You CAN, with time, develop meaningful friendships and deep connections, with others outside of Fairfield.  You can meet others who are willing to question themselves, share discussions of same, and support one another in finding one’s own path of integrity through life.  However, the bonds are not instant. Unlike cult life, healthy bonds are not instantaneous. True connection develops over time, sharing consistently with integrity, and with acceptance of differing opinions.

It is true — you will never find the intensity of social closeness… e.g. enmeshment… that you experience in Fairfield, unless you join another cult!

Fairfield IS a special place, but it is not totally unique. Other cult based communities offer their version of the same social dynamics in which you were raised. There is a range of group-think within Fairfield, as you well know. This is also a common phenomenon in neighborhoods surrounding other cult communities throughout the world.

It is normal to be anxious about losing your loved ones and family from expressing your opinion in a cult setting. In a noncult setting, it is extremely abnormal to have such anxiety. You have normal responses to an abnormal situation. It can be frustrating to have circuitous thought-stopping conversations that return forever to TM, Ayurveda, and jyotish to solve everything. You probably don’t want to hurt the feelings of those you love by directly saying “That’s ridiculous!”

You are correct, in my opinion — once you embrace the ability to question EVERYTHING — you become more personally “powerful”.. thus the name of my blog “Coming to Life.”

I respect your desire for anonymity, as your social and professional connections remain TM and Fairfield based. Some of those whom I love in Fairfield are well aware of my online activism against the TMOrg and Maharishi’s leadership; others have ended our friendship over my outspokenness. You see, one is predicted to fail if they leave the deemed support of the deemed-utopia. Instead, others and myself have succeeded on the outside. What greater threat could there be?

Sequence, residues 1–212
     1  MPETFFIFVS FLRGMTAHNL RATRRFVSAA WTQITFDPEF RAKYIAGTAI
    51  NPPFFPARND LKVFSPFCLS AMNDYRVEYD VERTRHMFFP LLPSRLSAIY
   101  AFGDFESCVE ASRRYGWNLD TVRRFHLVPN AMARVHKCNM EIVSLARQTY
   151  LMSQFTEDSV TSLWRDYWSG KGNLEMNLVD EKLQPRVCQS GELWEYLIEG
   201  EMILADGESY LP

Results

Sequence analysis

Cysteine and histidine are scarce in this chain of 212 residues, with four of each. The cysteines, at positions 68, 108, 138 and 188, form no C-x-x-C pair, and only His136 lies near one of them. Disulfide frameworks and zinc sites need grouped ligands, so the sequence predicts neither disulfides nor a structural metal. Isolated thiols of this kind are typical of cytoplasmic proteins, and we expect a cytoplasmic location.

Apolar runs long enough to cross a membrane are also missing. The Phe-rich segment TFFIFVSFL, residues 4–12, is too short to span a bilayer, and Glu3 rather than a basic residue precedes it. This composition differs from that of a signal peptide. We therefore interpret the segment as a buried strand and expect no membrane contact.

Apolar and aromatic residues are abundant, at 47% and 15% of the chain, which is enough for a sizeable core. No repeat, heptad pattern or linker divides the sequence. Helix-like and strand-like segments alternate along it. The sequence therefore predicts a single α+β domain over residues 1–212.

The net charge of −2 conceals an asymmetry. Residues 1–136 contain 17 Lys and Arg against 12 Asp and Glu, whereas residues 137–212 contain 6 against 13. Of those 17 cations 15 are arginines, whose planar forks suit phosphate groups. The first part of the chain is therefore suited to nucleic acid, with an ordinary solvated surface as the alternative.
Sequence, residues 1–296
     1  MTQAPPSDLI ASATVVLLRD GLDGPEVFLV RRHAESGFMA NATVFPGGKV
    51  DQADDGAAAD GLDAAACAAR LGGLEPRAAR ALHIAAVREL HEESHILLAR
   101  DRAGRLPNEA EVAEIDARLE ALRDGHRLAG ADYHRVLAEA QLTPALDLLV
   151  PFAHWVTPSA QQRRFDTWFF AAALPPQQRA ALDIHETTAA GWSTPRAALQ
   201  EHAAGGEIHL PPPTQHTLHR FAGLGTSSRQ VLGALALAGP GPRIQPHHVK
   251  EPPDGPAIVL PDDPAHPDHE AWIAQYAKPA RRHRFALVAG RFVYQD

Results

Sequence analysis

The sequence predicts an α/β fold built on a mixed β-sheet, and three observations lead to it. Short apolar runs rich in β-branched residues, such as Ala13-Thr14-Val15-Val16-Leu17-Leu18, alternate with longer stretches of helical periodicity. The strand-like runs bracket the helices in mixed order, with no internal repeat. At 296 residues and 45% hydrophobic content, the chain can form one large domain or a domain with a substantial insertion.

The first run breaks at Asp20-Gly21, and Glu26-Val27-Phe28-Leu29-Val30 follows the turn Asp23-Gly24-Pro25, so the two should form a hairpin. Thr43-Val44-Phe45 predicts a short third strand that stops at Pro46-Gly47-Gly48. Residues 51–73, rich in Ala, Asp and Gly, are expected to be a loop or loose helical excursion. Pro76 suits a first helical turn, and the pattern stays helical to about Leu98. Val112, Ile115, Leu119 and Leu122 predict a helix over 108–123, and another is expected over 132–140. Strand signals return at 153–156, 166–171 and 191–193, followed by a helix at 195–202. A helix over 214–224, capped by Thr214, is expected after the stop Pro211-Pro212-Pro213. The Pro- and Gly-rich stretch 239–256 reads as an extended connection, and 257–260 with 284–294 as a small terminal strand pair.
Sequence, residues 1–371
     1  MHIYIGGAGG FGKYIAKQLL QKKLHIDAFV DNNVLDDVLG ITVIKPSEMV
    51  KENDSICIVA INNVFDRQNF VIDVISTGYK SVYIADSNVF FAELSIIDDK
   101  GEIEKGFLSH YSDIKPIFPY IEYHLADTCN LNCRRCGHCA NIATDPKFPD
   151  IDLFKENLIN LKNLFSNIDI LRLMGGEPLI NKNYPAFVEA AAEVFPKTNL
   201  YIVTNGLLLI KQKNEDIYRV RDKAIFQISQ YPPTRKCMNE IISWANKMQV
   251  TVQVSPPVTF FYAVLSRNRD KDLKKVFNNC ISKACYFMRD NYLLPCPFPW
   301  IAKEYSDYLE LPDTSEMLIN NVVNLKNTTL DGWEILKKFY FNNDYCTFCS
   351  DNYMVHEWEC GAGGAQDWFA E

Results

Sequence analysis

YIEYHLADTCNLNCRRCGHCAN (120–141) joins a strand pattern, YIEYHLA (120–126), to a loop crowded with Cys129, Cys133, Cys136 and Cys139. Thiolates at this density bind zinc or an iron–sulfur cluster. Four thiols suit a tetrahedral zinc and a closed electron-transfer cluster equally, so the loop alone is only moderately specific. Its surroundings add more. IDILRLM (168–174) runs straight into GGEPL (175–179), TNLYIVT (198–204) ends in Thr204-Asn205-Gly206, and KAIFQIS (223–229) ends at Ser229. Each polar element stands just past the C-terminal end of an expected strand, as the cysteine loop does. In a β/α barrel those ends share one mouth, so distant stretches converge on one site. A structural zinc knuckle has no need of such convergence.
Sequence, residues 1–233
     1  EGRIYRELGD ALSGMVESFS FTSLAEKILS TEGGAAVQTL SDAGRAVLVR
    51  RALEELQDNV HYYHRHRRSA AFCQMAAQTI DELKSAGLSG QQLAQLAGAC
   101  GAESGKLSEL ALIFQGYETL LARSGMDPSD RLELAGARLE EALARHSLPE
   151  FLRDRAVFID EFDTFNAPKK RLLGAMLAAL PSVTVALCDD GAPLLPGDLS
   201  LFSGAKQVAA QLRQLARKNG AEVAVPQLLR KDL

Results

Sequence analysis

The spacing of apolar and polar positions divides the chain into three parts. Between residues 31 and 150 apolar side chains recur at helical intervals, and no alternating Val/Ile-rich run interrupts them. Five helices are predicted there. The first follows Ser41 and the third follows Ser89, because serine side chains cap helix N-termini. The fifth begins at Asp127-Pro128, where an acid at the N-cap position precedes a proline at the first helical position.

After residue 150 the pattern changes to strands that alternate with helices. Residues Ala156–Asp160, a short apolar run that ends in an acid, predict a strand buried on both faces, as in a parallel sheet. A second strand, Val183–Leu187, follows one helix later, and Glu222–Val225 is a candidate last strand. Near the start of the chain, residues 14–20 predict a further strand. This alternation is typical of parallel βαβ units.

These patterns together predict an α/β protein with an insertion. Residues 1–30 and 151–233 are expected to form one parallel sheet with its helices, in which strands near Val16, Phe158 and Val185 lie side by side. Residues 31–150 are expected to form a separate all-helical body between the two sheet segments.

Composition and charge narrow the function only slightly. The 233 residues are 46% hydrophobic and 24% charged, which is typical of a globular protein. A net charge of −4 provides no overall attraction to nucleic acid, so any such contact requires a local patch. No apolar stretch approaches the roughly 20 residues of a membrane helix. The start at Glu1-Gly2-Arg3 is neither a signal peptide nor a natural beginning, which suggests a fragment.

You requested personal stories of “escape.” In that vein, I offer a bit of personal experience. You may find it helpful.

I, too, dearly love the Fairfield community. I was the first ‘ru to graduate from Fairfield High School in 1975, before MIU prep began a middle school or high school. My daughter attended K-2nd grade at MIU Prep (MSAE’s precursor). We will always miss the idealistic “loving” community that you call home.

Like avoiding social heroin, we could never again live in such a restrictive setting. And like a recovered heroin addict, we will always miss the addictive high of our former community’s enmeshment. Truly, there are many in Fairfield who I love deeply and forever. I will not name them. You and I must know many of the same people.

The only resources that I can offer you, are those linked on my blogsite. You can, of course, reach toward the “extended TM family” of the grown kids who left. They help one another throughout the world. In most major cities in the US there are small groups of young adults who come from Fairfield. They support one another.  I don’t have a listing of such.  It’s not my place to disclose who I’m in touch with.  You could ask around for contacts, perhaps older siblings of your friends.   As you know, there is a range of continued belief in TM and Maharishi. Many former TMers follow Amachi or other gurus.  Some joined born-again Christian groups or the Mormons to provide instant community.